“There’s also some terrific underwater cinematography by Pete Romano and the second unit crews did wonderful work at locations around the world,” Lubezki adds. “Paul Atkins [2nd unit DP] is a natural history cinematographer who is famous for shooting killer whales. He watched us work for several weeks to get a sense of what we were doing, and then went off with his crew.”
Lubezki says that Malick energized everyone on the set. There were no marks and the director listened to the actors to include their ideas about the script. Texas-based 1st AC Rodgers adds that he had always dreamed about working with both Lubezki and Malick. He knew that Malick lived in Austin and had heard rumors he would be shooting a film in Texas.
“I was blown away when I was invited to work on the crew,” Rogers shares. “Terry directed The Thin Red Line and Chivo shot Children of Men, both of which are films that inspired me to work in this industry. Chivo treats everyone on the crew as his equal. His confidence and humility made me want to work harder. He joked a lot, and the only time he raised his voice was when he was excited about a shot. He trusted the crew even when things were chaotic.”
Rogers says many moments remain vivid in his memory.
“One that sticks in my mind was when we were filming one of the boys on the porch playing his guitar. It was getting to be magic hour, so we were trying to set up the shot quickly. The boy began playing guitar with his back facing the camera while the sun was wrapping around his body. It [was so beautiful] it brought tears to my eyes.
“Another time we were getting ready for a morning scene outside between Jessica (Chastain) and Brad (Pitt),” he continues. “The actors were rehearsing their lines in full wardrobe and ready to roll, when Terry suddenly noticed a butterfly. It wasn’t uncommon for him to get excited over things like a bird perched on a tree branch and want to film them. So we followed the butterfly through three blocks of Smithville. Jessica gracefully stepped out into the middle of the street, backlit by the morning sun. She held her hand out and the butterfly came full circle and landed directly on it. It stayed there for some time. We were joking around afterwards that everyone is going to think it’s a CG effect, but rest assured, it’s a real butterfly, and Chivo got it all on film.”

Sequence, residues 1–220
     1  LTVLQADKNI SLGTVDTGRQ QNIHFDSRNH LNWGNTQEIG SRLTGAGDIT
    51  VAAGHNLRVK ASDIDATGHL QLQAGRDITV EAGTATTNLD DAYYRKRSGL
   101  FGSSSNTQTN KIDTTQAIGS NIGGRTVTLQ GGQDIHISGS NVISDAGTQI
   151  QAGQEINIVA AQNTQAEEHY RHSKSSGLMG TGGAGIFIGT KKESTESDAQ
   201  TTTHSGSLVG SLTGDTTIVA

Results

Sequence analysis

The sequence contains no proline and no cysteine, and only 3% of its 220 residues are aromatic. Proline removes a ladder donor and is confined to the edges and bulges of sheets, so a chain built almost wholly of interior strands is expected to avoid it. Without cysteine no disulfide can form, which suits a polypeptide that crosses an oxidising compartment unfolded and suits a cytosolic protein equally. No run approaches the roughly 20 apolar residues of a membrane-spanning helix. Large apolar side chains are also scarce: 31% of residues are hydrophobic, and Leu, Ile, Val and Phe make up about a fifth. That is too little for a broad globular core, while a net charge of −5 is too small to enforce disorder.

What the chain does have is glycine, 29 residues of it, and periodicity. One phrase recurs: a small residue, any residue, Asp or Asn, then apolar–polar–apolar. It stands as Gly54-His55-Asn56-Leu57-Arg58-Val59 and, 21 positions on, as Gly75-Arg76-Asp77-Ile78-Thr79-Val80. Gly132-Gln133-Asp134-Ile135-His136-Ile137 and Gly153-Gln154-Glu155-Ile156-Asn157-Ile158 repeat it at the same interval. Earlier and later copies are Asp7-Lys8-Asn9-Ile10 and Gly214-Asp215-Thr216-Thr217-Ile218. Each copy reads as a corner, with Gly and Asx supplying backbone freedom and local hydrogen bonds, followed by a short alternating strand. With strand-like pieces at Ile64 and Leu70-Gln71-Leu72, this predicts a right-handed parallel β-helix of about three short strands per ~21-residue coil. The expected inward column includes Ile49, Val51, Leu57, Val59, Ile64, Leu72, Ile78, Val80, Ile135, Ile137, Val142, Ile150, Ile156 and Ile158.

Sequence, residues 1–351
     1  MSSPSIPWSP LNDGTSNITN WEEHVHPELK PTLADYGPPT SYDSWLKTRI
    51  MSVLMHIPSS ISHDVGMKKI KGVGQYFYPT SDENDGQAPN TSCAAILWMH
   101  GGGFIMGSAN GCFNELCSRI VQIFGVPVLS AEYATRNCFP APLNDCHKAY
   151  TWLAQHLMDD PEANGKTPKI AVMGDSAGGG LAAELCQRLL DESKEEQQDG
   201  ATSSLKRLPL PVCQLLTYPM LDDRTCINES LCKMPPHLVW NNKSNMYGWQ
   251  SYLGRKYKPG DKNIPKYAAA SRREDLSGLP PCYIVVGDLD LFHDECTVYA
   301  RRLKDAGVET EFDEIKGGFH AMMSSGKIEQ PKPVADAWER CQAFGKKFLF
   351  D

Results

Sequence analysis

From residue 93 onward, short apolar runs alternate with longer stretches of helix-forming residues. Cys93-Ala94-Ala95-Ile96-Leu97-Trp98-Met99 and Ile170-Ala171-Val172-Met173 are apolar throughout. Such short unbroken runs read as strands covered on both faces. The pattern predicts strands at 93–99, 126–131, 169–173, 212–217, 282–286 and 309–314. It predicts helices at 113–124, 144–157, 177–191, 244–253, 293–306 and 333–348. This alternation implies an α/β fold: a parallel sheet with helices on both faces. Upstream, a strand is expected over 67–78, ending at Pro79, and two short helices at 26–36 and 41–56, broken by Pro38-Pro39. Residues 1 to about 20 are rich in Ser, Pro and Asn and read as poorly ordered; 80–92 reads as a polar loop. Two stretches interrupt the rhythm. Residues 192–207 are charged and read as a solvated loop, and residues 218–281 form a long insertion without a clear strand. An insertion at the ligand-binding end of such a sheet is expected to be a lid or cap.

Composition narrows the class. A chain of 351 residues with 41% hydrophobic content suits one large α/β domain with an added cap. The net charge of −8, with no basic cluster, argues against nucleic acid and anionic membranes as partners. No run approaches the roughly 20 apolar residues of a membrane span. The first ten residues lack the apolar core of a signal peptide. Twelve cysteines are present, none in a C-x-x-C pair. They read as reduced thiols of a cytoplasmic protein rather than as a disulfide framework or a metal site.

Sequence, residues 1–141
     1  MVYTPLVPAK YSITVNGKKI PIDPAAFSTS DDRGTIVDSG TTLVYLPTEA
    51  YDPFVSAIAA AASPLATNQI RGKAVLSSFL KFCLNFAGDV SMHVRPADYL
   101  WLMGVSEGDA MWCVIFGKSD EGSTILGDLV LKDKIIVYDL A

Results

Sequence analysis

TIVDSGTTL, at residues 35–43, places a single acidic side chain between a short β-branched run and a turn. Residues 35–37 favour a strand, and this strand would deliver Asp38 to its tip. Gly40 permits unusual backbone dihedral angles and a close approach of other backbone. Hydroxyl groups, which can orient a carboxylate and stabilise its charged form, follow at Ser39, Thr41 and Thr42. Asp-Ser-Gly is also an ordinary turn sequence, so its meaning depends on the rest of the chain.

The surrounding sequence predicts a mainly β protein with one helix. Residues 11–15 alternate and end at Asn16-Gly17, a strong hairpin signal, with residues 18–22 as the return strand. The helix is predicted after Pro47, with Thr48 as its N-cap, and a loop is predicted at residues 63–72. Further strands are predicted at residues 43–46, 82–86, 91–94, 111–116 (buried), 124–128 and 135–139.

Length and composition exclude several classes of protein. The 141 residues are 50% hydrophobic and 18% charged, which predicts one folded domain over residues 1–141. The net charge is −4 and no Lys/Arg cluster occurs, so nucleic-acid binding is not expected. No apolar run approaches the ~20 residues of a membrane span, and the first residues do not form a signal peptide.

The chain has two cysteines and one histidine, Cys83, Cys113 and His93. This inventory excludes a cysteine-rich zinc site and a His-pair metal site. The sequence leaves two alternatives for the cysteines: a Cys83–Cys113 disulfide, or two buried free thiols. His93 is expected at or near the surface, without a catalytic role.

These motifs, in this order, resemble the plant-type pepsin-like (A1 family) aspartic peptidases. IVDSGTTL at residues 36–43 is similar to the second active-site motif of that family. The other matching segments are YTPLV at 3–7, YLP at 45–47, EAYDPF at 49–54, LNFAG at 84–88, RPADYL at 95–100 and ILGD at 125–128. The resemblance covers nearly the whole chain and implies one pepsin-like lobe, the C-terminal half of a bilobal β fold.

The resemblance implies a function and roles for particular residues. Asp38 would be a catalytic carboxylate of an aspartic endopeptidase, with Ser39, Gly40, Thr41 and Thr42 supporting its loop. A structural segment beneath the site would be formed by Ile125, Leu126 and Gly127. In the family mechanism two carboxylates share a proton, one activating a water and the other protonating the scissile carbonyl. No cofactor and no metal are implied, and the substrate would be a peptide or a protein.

Brown had collaborated with Lubezki on Ali in 2001, as well as on commercials. He offers a similar portrait of the cinematographer and director as master artisans.
“Chivo wants his crew to be active participants, and values your input,” he explains, adding that the timeless nature of Smithville provided an ideal primary location.
“There was no camera truck or generators. The gear was stored in a rented garage, and we didn’t even have a dolly,” the AC continues. “If Terry wanted the camera moving and it wasn’t on a Steadicam or handheld, we used a slider. If we were shooting a quiet, intimate scene, we would put the camera on a slider and set it up so we could move a few feet in each direction. It was completely freeform. Terry directed the action so the actors were coming towards or away from the camera, and the feeling of depth is organic. From the first week of shooting, we were communicating non-verbally, so it became a dance between the actors and us. Things would happen and we would react. If we were a little late, Terry said, ‘no problem.’ We did it again until he got exactly what he wanted.”
Brown says that watching Malick and Lubezki in action was like taking an advanced class in filmmaking, not just for the remarkable aesthetics at play, but also with practical filmmaking considerations. For example, with minors in the cast, scheduling was sometimes tricky.
“One day, we shot a scene with two of the boys,” Brown continues. “One was inside the house. The other boy was on the porch on the other side of a glass door. These are non-professional kids, and they were hanging out, just like real brothers would. I don’t think they were aware the camera was rolling, and Terry saw it as a magic moment. The boys were oblivious to the crew, and things like that happened because of the atmosphere that Terry and Chivo created.”
Film, film and more film is how loader Coate recalls The Tree of Life shoot, noting that he loaded cameras with 400-foot rolls of film as many as 40 times a day.